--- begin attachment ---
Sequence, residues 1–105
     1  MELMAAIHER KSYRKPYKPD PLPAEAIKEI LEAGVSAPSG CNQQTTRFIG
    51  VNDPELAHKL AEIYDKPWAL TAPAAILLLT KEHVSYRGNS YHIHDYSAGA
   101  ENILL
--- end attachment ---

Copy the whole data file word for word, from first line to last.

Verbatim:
Sequence, residues 1–105
     1  MELMAAIHER KSYRKPYKPD PLPAEAIKEI LEAGVSAPSG CNQQTTRFIG
    51  VNDPELAHKL AEIYDKPWAL TAPAAILLLT KEHVSYRGNS YHIHDYSAGA
   101  ENILL